Lewis flax occurs on valley bottoms, benches, slopes, ridges, and meadows, from prairie to alpine elevations [64,121]. It grows best in full sunlight and has little to no shade tolerance [61,62,121]. Site descriptions by state are provided below.
|State, Region, Province||Site Characteristics|
|Arizona||open mesas, rocky hills and slopes, and coniferous forests; 3,500 to 9,500 feet (1,100-2,900 m) [69,130]|
|Pima County, Arizona||widely scattered on flats and bajadas; 2,200 to 2,400 feet (670-720 m) |
|California||dry open ridges and slopes; 1,300 to 11,000 feet (400-3,400 m) [59,91]|
|Colorado||plains to upper montane |
|Nevada||washes, cliff basins, mesas to mountain slopes; 4,500 to 9,000 feet (1,400-2,700 m) [16,68]|
|Utah||xeric to mesophytic, gravelly hillsides and montane forest zones; 4,500 to 9,500 feet (1,400-2,900 m) [3,36]|
|Wyoming||plains to alpine |
|Black Hills, South Dakota||plains, hills, and slopes |
|Pacific Northwest||prairies to alpine ridges, usually on dry, well-drained soil |
|Baja California||gravelly soil, margins of meadows, and rocky ridges |
|Neuvo Leon||alpine meadows above 11,000 feet (3,500 m) [15,19]|
Climate: Lewis flax is suitable for sites with average annual precipitation that ranges from 10 to 23 inches (250-580 mm). Vigorous growth can be expected on sites averaging greater than 16 inches (410 mm) [61,121]. Lewis flax seedlings are "excellent competitors" in pinyon-juniper types that average <15 inches (380 mm) annual precipitation and are "medium competitors" on sites that average more than 15 inches (380 mm) annual precipitation. Mature plants are "medium competitors" at both of these precipitation levels .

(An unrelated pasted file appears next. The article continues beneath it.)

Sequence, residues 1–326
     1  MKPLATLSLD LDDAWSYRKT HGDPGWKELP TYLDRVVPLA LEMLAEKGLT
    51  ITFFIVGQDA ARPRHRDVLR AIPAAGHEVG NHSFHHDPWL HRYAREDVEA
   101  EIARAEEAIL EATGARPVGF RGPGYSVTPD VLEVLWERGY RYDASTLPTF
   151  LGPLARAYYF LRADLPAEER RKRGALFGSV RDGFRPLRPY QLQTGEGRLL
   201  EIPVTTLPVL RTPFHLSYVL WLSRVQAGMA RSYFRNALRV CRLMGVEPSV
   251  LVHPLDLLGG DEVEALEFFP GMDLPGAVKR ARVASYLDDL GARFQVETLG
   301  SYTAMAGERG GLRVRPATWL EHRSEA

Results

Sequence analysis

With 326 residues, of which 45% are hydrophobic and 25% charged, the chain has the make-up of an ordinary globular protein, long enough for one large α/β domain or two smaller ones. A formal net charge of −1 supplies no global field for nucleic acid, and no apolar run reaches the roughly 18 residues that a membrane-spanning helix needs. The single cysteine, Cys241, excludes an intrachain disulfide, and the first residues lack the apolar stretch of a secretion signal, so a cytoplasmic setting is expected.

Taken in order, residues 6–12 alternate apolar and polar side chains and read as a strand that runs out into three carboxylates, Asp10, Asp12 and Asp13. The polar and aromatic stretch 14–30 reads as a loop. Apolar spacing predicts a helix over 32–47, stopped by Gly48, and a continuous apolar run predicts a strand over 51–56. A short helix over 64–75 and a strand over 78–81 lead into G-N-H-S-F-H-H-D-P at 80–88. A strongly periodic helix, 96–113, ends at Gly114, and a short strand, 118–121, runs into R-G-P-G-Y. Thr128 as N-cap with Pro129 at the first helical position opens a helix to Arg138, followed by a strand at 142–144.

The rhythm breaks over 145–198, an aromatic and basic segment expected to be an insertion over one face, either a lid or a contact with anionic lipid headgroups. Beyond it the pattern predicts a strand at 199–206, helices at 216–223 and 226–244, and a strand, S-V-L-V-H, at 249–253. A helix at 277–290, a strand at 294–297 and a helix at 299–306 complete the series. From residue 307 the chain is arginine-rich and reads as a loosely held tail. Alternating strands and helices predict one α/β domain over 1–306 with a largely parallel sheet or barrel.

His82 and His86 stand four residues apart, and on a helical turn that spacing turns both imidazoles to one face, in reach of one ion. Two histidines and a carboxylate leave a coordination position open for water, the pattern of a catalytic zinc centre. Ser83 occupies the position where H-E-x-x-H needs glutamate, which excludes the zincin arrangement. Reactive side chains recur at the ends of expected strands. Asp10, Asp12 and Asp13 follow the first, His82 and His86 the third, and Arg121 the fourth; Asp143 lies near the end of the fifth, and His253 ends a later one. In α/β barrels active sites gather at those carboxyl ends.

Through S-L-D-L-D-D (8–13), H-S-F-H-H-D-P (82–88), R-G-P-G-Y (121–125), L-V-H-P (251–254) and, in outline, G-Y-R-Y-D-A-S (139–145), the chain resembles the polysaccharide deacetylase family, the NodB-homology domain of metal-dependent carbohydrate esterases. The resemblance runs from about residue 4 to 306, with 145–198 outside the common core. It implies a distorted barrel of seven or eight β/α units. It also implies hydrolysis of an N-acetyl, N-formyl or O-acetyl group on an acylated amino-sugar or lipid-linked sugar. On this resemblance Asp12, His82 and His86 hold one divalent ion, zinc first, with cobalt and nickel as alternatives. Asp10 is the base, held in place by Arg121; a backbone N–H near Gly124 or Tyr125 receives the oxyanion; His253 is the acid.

Soil characteristics for sites that Lewis flax is known to occur on grassland types in North Dakota are as follows :
The little bluestem-needle-and-thread grass-threadleaf sedge (Schizachyrium scoparium-Hesperostipa comata-Carex filifolia) type has soils that are composed of 70% sand, 18% silt, and 12% clay and pH between 7.3 to 8.6. These soils are relatively shallow with parent materials of sandstone, shale, or siltstone frequently within 10 to 20 inches (41-51 cm) of the surface. The needle-and-thread grass-plains muhly (Muhlenbergia cuspidata)-carex (Carex duriuscula and C. filifolia) type has extremely shallow soils with bedrock, gravel, or scoria close to the surface, pH between 7.2 to 8.9, and percentages for sand, silt, and clay are 46, 19, 35, respectively. The big bluestem-porcupine grass-prairie dropseed (Andropogon gerardii-Stipa spartea-Sporobolus heterolepis) occupies shallow soils with an average pH of 7.3. Soils were 64% sand, 24% silt, 15% clay .
Habitat: Rangeland Cover Types
This species is known to occur in association with the following Rangeland Cover Types (as classified by the Society for Range Management, SRM):
More info for the terms: cover, shrub
SRM (RANGELAND) COVER TYPES :
101 Bluebunch wheatgrass
102 Idaho fescue
104 Antelope bitterbrush-bluebunch wheatgrass
105 Antelope bitterbrush-Idaho fescue
107 Western juniper/big sagebrush/bluebunch wheatgrass